# Can DSolve solve systems with unspecified function coefficients?

I am an economic research student with no previous experience with Mathematica, so please pardon me if my questions sounds really stupid.

I am hoping to solve a system of nonlinear ODEs symbolically. I heard that the DSolve utility is very handy for this sort of problem, but before I invest my time in it, I hope to make sure that Mathematica is the answer I want.

Specifically, my system contains some function coefficients, but I do not know their explicit expression as of now, and they are just expressed as $\phi(t), \;\psi(t)$ etc. It also contains some unspecified constant coefficient as well. Can DSolve handle this situation?

If not, I'd very much appreciate it if someone could suggest any alternative methods.

Thank you!!

Edit:

My system looks something like this:

$\beta\phi(t)\lambda(t)x(t)^{\alpha}y(t)^{\beta-1}-\psi(t)=0\\ \frac{dx}{dt}=\phi(t)x(t)^{\alpha}y(t)^{\beta}-\gamma{}x(t)\\ \frac{d\lambda}{dt}=k\psi(t)-\lambda(t)[\alpha\phi(t)x(t)^{\alpha-1}y(t)^{\beta}-\gamma]$

where $\lambda(t)\text{, }x(t)\text{ and }y(t)$ are the functions I want to solve for, and $\phi(t)$ and $\psi(t)$ are function coefficients without explicit expressions, $\alpha,\;\beta,\;\gamma$ and $k$ are unspecified coefficients.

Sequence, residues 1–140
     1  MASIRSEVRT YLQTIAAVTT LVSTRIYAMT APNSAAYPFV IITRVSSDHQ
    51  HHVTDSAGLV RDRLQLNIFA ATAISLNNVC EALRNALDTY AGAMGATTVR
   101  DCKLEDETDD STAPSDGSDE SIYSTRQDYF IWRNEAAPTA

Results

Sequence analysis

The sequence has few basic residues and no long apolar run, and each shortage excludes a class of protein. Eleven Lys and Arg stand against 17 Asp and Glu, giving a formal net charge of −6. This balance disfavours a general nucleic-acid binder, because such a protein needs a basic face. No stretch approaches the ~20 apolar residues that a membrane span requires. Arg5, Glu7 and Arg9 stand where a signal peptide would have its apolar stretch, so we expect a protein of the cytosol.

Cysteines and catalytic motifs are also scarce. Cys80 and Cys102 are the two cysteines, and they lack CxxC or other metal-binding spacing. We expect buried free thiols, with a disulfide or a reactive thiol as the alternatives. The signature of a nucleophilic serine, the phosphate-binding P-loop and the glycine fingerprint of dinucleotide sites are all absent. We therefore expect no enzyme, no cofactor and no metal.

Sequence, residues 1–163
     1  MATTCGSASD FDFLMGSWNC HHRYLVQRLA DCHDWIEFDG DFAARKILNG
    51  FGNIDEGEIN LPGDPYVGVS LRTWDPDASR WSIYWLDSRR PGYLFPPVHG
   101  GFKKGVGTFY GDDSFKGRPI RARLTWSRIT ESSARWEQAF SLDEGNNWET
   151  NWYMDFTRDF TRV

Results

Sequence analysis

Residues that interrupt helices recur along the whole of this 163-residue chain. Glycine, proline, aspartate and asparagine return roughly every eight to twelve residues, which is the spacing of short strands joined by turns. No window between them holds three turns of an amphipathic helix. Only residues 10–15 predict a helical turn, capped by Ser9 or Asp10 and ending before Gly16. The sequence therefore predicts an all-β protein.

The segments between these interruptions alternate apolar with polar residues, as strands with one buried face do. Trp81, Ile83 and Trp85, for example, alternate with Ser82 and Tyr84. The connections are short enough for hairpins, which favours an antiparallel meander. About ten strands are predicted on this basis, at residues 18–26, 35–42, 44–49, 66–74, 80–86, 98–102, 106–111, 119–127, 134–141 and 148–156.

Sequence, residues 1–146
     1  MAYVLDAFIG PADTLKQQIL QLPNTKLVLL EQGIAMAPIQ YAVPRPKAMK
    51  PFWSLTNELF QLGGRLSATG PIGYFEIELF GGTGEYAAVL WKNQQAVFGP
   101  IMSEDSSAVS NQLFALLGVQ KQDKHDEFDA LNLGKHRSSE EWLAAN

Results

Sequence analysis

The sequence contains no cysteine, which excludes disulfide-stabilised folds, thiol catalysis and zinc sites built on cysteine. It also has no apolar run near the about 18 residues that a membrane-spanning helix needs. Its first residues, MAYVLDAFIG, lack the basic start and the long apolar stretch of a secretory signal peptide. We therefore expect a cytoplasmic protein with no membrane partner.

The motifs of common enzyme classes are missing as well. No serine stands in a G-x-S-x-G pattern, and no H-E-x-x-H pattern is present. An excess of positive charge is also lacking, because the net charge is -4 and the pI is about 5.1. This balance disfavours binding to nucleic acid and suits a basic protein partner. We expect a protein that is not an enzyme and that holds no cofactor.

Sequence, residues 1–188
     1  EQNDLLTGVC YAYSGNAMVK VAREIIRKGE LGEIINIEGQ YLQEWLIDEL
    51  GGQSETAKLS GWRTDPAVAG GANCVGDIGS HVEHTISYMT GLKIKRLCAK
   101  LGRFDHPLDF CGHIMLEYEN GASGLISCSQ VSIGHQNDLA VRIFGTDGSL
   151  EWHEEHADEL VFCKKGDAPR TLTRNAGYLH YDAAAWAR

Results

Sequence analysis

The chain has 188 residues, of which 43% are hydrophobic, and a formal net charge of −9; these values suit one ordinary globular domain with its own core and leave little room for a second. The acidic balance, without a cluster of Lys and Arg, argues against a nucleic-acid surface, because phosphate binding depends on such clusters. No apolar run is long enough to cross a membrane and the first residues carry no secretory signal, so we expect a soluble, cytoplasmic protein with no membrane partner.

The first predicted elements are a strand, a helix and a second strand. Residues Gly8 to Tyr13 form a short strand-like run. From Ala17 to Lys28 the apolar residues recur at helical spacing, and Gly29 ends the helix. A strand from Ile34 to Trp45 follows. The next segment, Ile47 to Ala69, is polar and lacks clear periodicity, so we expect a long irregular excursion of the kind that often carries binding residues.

I hope the solutions can be expressed in terms of integrals of $\phi(t)$ and $\psi(t)$. Is that possible?

• This is very vague. Can you at least provide your equations? Aug 3 '12 at 7:31
• @VitaliyKaurov Thanks for the advice! Aug 3 '12 at 7:49
• Here you can find which types of equations Mathematica can solve. If I'm not mistaken your equations are to be found in the first-order ODE or more probably the systems of ODEs section (subsection Linear system of ODEs). However, I have never seen examples like yours with unspecified functions, so I don't think that MMA can handle that. I would be pleasantly surprized learning that it can, though. Aug 3 '12 at 11:21
• I hope the solutions can be expressed in terms of integrals of ϕ(t) and ψ(t). Is that possible? I think that for arbitrary $\alpha$, $\beta$ it is highly improbable. May 17 '13 at 8:06
• From the other hand if to introduce a new function $z(t)=x(t)^\alpha y(t)^\beta$ or $z(t)=x(t)^{\alpha-1} y(t)^\beta$ then it is possible to express $x,y,\lambda$ as some integrals of $\phi$, $\psi$ and $z$. May 17 '13 at 8:21

It can solve some, can't solve others. Even if it can solve some sets of equations, make it a bit more complicated and it won't be able to anymore. So, I wouldn't bet on it being able to solve things analytically.

Here's an example where it can solve a nonlinear ODE:

DSolve[y'[t] == f[t]*y[t], y, t] but, for example, it can't solve this

DSolve[
{
y'[t] == f[t] z[t],
z'[t] == y[t]
},
{y, z},
t
] while it can solve, say, this

DSolve[
{
y'[t] == z[t],
z'[t] == y[t]
},
{y, z},
t
] It can't give "closed-form" expressions for the system of equations you gave.